Santo Amaro was essentially closed for celebration.  But, Nino led us through the streets and talked some of the police into letting us through to a hotel that was the best in the city at the city center.  The hotel staff told us the hotel was full, but again Nino talked them into extending us a room somehow.  We have been very fortunate. 

After getting settled, we invited Nino to dinner.  After food and drink and meeting some of Nino's friends while we sat watching the celebration, there was sudden commotion, someone yelled 'pistola' and Nino and his friends scurried us away to the back of the restaurant for safety.  We are gringo's and very large targets!  Later we heard it was only a fight.  The kind of thing in the states everyone rushes towards instead of away from.

The next day we rode with Nino to Fiera de Santana to met Geraldo.  Geraldo is a professor teaching English literature at one of the colleges.  Geraldo is part of a motorcycle club that Nino belongs too and thinks of Nino as his son.  Geraldo and I have become good friends since meeting and share e-mail on almost a daily basis.  Some day I will try to get back to see Geraldo again.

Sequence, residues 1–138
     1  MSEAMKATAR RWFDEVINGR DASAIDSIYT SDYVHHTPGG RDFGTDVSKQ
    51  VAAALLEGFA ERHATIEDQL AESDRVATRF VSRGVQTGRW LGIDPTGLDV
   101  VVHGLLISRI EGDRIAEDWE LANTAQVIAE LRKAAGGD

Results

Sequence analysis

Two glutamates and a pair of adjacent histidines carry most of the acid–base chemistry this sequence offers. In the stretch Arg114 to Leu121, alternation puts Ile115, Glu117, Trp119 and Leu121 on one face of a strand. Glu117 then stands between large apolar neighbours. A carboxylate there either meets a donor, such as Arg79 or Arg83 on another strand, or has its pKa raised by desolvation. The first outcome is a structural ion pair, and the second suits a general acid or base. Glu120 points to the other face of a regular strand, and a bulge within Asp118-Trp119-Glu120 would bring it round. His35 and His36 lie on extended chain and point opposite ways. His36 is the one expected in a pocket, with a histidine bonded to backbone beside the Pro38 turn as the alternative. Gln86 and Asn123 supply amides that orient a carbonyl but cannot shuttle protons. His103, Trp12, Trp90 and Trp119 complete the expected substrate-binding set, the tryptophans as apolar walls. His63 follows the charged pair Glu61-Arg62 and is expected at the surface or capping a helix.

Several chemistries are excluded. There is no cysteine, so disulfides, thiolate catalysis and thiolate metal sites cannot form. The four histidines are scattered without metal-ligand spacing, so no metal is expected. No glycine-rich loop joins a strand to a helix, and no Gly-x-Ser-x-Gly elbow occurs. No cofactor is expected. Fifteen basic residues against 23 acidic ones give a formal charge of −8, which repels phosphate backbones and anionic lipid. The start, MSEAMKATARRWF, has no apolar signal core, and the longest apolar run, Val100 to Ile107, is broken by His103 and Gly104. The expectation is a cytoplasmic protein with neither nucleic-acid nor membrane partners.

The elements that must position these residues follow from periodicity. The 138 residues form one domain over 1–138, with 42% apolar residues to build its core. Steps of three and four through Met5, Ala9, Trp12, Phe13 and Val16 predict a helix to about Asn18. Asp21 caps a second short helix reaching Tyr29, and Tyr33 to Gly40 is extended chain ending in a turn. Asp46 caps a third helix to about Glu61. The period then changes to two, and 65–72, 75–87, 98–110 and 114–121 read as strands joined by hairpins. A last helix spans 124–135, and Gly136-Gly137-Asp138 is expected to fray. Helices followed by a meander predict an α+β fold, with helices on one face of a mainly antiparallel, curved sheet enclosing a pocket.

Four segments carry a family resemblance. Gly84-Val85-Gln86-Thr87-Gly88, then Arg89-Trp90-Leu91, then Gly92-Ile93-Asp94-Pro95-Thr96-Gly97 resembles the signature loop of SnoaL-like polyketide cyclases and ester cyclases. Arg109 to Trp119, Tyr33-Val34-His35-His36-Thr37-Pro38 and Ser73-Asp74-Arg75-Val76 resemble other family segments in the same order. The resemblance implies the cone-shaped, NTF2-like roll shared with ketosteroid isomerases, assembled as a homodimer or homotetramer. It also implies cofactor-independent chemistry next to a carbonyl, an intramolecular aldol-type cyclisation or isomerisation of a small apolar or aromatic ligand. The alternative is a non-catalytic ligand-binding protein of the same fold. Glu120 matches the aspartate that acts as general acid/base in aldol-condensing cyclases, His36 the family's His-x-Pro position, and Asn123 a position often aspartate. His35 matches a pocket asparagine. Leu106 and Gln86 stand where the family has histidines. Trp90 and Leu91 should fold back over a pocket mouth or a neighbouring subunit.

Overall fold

Geraldo is restoring a 1979 Yamaha RD350.  He has many parts acquired from sources all over the world to rebuild his bike.  He isn't quite sure where he will find the time to finish this lengthy project, since he is still working and has many other interests to pursue as well.  I will post some pictures when I have a little more time.

Aracaju / Penedo / Maceio